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Places Near Riga

The town of Bauska , a place of historical significance on the road to Vilnius, lies about 65 km from Riga. The town is a country hamlet with one major attraction- the 15th century Bauska Castle. The Castle was constructed between 1443 and 1456 as a citadel for the Livonian knights. Over the centuries that followed, the castle suffered much damage from repeated attacks till it was finally destroyed. Within the restored and rebuilt castle is a museum of sorts, which houses artefacts of the castle discovered during excavations. Bauska Castle hosts annual festivals of ancient music, and these have helped boost the flow of tourists considerably. Even otherwise, it’s a popular destination, considering the fact that it’s not too far from Riga (there are regular daily buses to and fro), and perfect for a day’s trip.

One of the most popular is the resort town of Jurmala just 20 km from Riga; it stretches down the Baltic coast, and is a riot of amusement parks, cafés, restaurants, cinemas, camping sites, sanatoriums, and shops.The seaside area of Jurmala is perhaps the best known of Latvia’s resorts, and the most popular. Jurmala is actually not one town, but a string of small towns and hamlets stretching for about 20 km along the Latvian coast, west of Riga. The entire area is replete with everything that would appeal to the pleasure-seeking tourist: forests and woodlands, amusement parks, dunes, museums, art galleries, shops and resorts. Jurmala is known as the Baltic Riviera, but fortunately, it isn’t very crowded (except over the weekends) and it’s a pleasant place to spend a relaxing holiday. There are regular trains to Jurmala daily from Riga (several trains a day make the trip), and there are taxis especially for Jurmala from in front of Riga’s main railway station.

Sigulda is the main gateway to the Gauja National Park, Latvia’s only national park (although the country has a number of other restricted areas and nature preserves). Sigulda is also excellently located for explorations into the surrounding countryside- the Gauja River Valley, often called the Switzerland of Latvia. To top it all, there are a number of medieval castles scattered all across the valley. Sigulda itself has four castles to its credit, and among these is the Turaida Castle, beautifully restored and commanding a fabulous view of the Gauja Valley. Sigulda has, in addition, a reputation as a health resort and a winter sports destination. It also has a few good caves, including Viktors Cave and Gutmains Cave, both of which appear in local folklore. The town of Sigulda may be reached by taking a bus or train from Riga, which is only about 53 km away.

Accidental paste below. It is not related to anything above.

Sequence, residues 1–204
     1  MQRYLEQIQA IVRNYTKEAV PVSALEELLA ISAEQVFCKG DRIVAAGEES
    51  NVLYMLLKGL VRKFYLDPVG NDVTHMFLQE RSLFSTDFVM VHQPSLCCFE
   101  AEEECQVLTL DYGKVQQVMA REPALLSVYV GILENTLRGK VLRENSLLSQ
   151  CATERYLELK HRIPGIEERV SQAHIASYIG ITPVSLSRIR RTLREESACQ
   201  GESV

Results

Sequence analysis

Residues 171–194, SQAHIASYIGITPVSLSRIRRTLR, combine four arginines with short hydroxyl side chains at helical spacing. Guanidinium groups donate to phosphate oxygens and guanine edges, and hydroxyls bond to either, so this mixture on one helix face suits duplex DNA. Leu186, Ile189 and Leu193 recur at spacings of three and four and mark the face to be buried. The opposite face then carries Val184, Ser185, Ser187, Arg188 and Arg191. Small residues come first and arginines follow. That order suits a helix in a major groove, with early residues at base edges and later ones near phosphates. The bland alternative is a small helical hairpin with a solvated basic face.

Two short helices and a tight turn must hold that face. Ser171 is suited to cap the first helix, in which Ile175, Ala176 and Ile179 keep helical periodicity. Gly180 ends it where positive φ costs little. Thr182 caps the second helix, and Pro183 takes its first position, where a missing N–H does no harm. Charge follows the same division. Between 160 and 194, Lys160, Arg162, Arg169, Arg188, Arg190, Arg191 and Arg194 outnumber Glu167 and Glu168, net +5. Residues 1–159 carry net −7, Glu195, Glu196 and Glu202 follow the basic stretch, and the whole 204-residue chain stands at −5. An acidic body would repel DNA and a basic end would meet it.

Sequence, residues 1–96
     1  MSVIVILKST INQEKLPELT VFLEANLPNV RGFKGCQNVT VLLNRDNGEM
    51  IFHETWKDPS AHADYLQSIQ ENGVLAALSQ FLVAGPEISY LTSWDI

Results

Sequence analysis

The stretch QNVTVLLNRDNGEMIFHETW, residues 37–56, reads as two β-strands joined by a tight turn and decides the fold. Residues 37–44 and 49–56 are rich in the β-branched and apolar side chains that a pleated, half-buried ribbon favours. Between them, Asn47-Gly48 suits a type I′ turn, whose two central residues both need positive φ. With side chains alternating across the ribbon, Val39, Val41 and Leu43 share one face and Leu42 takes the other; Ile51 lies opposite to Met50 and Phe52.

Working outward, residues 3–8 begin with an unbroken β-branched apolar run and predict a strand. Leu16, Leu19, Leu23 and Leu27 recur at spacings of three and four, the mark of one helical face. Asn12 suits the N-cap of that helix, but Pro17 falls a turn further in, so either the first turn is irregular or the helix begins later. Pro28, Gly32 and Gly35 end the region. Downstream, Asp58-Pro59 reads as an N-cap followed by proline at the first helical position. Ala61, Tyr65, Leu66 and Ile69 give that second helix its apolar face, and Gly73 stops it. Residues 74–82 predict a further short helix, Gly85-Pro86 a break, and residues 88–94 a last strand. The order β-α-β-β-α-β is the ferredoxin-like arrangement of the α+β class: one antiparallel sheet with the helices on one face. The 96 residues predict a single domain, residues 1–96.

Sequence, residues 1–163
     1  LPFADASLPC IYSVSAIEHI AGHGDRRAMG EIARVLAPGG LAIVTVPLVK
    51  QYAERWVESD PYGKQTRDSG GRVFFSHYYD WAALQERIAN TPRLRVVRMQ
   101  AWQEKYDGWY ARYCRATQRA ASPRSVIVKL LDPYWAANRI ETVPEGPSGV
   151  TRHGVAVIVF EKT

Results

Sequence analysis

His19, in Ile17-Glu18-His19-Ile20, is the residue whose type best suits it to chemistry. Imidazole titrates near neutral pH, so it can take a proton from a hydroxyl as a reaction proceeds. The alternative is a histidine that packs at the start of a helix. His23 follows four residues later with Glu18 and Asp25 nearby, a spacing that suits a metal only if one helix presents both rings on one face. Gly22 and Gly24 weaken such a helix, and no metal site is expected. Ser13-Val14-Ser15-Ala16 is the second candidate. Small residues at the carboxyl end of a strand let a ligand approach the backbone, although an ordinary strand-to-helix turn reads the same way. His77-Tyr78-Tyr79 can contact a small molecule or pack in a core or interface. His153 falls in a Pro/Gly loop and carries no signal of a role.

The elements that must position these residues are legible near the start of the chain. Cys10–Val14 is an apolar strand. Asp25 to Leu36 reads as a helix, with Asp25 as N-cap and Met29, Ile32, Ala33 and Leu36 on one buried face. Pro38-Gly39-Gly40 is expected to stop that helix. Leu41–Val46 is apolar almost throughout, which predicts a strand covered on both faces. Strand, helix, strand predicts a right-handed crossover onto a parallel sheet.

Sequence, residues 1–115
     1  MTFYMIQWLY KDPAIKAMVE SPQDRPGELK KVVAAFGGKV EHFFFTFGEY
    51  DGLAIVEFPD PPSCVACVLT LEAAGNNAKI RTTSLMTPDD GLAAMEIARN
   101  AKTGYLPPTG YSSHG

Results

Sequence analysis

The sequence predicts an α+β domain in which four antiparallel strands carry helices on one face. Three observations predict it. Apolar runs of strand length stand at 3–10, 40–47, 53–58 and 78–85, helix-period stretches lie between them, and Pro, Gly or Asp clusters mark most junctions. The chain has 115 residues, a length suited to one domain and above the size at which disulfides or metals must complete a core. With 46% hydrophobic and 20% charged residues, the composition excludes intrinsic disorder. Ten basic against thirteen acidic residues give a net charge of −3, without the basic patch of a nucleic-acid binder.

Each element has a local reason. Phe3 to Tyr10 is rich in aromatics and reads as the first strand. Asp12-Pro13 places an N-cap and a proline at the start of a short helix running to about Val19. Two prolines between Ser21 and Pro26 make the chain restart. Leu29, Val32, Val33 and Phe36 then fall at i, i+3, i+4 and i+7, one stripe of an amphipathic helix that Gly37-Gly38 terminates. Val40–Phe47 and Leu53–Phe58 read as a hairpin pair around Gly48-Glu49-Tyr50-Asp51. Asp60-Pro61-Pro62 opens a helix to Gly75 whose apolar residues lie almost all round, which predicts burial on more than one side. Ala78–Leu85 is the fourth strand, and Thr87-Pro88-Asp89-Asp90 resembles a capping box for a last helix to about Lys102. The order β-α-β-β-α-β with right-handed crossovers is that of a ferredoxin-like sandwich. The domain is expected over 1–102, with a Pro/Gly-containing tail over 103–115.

Just about 12 km from the town of Bauska lies the 18th century Rundale Palace . Bauska Castle was built for men at arms; Rundale Palace was built for men of leisure. It has no pretensions to being a stronghold or a place of war and weaponry. Rundale Palace was designed by Bartolomeo Rastrelli, an 18th century Italian architect whose forte was baroque architecture- he is credited with having designed some of the most beautiful buildings in St Petersburg - Rundale Palace is one of his masterpieces. It contains a total of 138 rooms, of which the most opulent and extravagant are the gorgeous Golden Throne Room, and the White Hall, a ballroom with a stark white stucco ceiling- very striking indeed. Rundale Palace can be reached easily by bus from Bauska, which is accessible by road- car or bus- from Riga.

Salaspils lies about 20 km from Riga, and is one of the country’s most poignant reminders of World War II. During the war years, Salaspils was a Jewish concentration camp- one of the most horrific in East Europe. It was in Salaspils that more than 100,000 Jews died at the hands of the Nazis; and among these were not just Latvian Jews, but also Jews from other neighbouring countries. Today, a memorial to the Jews who died here marks the place at Salaspils; there’s a museum too, with a collection of memorabilia from the days of the Holocaust. Salaspils can be reached by taking a train from Riga (trains going in the direction of Ogre stop over at Darzina station, which is the closest- about 15 minutes’ walk- from the memorial.

The little town of Cesis , which lies about 35 km from Riga, is one of the prettiest and the most old-fashioned settlements close to Riga. Cesis is one of the oldest towns in Latvia; at one time a member of the Hanseatic League and the seat of the Grand Master of the Livonian order, the town was also the scene of a crucial battle during the fight for independence in 1919. Cesis, fortunately, is also very well preserved; it’s full of many old buildings and monuments, nearly all in excellent condition. Among the sights worth seeing in the town are the ruins of Cesis Castle (actually not much more than two towers), the 13th century St John’s Church, and the local museum, with its collection of regional artefacts. Even if you do no more than wander around the streets of the town, it’s still worth a visit, especially if you’re keen on history.

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